I suppose Mark44 was on the right track then.
     
  12. May 21, 2010 #11

    Mark44

    Staff: Mentor

    Re: Solving Parametric Equations: x(t) = exp(-t) + t and y(t) = exp(t) - t for y = f(

    Actually, I don't think I was. You can get to x + y = 2cosh(t), and then use cosh^(-1) to solve for t, but I don't see any simplification that ends with y as a function of x.
     
    Last edited: May 21, 2010
  13. May 21, 2010 #12
    Re: Solving Parametric Equations: x(t) = exp(-t) + t and y(t) = exp(t) - t for y = f(

    The answer he is expecting is y = [tex]\frac{1}{x - arccosh((x+y)/2)}[/tex] - arccosh((x+y)/2). I know that its not an explict function of x but y is implicitly defined by the previous equation.
     
    Last edited: May 21, 2010
  14. May 21, 2010 #13

    Mark44

    Staff: Mentor

    Re: Solving Parametric Equations: x(t) = exp(-t) + t and y(t) = exp(t) - t for y = f(

    Well, then maybe I was on the right track.

    x + y = et + e-t = 2cosh(t)
    ==> (x + y)/2 = cosh(t)
    ==> cosh-1((x + y)/2) = t
    or t = arccosh((x + y)/2)

    Substituting for t in y = et - t, we have
    [tex]y = e^{arccosh((x + y)/2)} - arccosh((x + y)/2)[/tex]

    This seems to be going in the right direction, but I don't know how to deal with the exponential term. If this involved triangle trig inverses, I would draw a right triangle and see if I could rewrite the first term above, but I'm not as familiar with the geometry in the hyperbolic trig functions.
     
  15. May 21, 2010 #14
    Re: Solving Parametric Equations: x(t) = exp(-t) + t and y(t) = exp(t) - t for y = f(

    Once I'd found t I did some rearranging before I substituted it back into the equations.

    x = e[tex]^{-t}[/tex] + t ==> x-t = e[tex]^{-t}[/tex]

    y = e[tex]^{t}[/tex] - t ==> y = [tex]\frac{1}{x-t}[/tex]-t

    then I substituted for t. It may not be any prettier but at least it doesn't have an exponential in it
     
  16. May 21, 2010 #15
    Re: Solving Parametric Equations: x(t) = exp(-t) + t and y(t) = exp(t) - t for y = f(

    I am taking a bit of a different approach:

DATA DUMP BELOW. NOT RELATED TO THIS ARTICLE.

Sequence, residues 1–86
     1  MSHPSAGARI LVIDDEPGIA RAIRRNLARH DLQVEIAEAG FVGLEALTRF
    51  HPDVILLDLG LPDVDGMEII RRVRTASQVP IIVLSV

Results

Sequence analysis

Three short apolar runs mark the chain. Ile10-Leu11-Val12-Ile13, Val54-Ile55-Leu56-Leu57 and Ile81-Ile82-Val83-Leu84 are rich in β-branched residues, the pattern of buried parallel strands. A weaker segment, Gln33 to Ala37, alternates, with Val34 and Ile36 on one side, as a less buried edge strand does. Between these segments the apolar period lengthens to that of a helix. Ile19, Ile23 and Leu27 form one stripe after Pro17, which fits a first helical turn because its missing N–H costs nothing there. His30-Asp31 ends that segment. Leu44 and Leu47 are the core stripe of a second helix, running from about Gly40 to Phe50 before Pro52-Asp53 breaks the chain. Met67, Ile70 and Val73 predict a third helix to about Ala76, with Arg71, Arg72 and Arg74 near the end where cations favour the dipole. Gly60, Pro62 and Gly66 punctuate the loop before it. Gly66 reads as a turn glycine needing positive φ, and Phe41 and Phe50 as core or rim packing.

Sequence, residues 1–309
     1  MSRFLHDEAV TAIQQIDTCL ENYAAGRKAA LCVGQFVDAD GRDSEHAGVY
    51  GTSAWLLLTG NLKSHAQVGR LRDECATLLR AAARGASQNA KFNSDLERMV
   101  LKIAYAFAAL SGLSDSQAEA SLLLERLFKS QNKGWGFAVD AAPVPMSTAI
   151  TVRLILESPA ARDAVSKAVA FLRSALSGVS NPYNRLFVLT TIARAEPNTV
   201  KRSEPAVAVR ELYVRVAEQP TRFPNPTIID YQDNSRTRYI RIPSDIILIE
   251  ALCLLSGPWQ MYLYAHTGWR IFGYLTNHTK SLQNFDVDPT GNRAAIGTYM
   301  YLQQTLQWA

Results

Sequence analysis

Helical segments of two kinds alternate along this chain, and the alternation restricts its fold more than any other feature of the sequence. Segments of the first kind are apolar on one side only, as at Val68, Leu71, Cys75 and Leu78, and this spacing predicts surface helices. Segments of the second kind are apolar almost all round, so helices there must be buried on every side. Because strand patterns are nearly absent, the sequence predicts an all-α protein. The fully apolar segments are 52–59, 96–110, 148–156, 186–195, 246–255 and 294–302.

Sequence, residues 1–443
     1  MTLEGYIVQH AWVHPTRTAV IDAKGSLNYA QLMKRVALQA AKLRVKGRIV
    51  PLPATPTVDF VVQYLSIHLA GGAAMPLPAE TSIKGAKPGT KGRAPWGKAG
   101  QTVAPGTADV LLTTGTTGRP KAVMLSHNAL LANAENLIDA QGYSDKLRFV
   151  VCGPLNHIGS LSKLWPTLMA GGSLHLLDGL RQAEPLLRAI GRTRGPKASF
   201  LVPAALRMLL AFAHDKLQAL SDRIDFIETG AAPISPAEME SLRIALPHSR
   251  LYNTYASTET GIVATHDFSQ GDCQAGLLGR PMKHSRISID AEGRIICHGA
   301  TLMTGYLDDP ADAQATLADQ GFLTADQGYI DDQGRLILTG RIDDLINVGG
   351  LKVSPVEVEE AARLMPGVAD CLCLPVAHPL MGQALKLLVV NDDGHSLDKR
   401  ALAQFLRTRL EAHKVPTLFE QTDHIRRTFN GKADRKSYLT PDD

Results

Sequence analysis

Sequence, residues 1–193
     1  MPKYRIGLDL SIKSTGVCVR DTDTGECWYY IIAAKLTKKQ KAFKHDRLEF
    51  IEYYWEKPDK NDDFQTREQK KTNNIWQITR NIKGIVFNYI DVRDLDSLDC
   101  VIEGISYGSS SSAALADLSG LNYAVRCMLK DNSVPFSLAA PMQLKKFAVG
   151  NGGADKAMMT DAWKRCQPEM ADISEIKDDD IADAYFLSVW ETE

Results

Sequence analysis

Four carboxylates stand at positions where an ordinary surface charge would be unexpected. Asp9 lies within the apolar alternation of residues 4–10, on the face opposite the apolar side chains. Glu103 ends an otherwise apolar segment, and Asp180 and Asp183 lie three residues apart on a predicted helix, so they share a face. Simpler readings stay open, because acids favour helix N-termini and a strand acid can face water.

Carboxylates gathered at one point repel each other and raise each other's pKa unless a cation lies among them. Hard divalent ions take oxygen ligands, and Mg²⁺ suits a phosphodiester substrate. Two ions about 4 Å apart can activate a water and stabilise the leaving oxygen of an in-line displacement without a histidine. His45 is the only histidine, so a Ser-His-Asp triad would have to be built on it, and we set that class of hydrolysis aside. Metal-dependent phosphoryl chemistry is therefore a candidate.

x + y = exp(-t) + exp(t)

    Multiply both sides by exp(t) to get:

    (x + y) ext(t) = 1 + exp(t)^2

    So 0 = exp(t)^2 - (x+y)exp(t) + 1

    You could use the quadratic formula to solve for exp(t) = a big huge two-valued mess. Then take the ln of THAT and have t?

    I also tried this:

    (x - t)(y + t) = exp(-t) exp(t)
    xy - ty + tx - t^2 = 1

    Rearrange a little to get
    0 = t^2 - t(x - y) + 1 - xy

    And maybe you could solve this quadratic?
     
  17. May 21, 2010 #16
    Re: Solving Parametric Equations: x(t) = exp(-t) + t and y(t) = exp(t) - t for y = f(

    It's impossible to solve

    [tex]
    x = e^{-t} + t
    [/tex]

    for t in terms of elementary functions.
     
  18. May 21, 2010 #17
    Re: Solving Parametric Equations: x(t) = exp(-t) + t and y(t) = exp(t) - t for y = f(

    [tex] \cosh^{-1} x = \ln (x - \sqrt{x^2-1}) [/tex] (for real-valued functions) according to Wikipedia, which gets rid of the exponential term but doesn't obviously simplify to the term in the answer given.

    http://en.wikipedia.org/wiki/Inverse_hyperbolic_function
     
  19. May 21, 2010 #18
    Re: Solving Parametric Equations: x(t) = exp(-t) + t and y(t) = exp(t) - t for y = f(

    Not much help, but I think it's cool that we can go around in a circle: you can simplify the arcosh expression to be equivalent to the "minus" root of the radical.

    [tex] \cosh^{-1} \frac{x+y}{2} = \ln \left( \frac{x+y}{2} - \sqrt{ \frac{(x+y)^2}{4} - 1} \right) [/tex]

    And as Mark44 said,

    [tex] \cosh^{-1} \frac{x+y}{2} = t [/tex]

    [tex] t = \ln \left( \frac{x+y}{2} - \sqrt{ \frac{(x+y)^2}{4} - 1} \right) [/tex]

    [tex] e^t = \frac{x+y}{2} - \frac{\sqrt{(x+y)^2 - 4}}{4} [/tex]

    [tex] e^t = \frac{x+y - \sqrt{ (x+y)^2 - 4}}{2} [/tex], which is a solution to 0 = exp(t)^2 - (x + y) exp(t) + 1.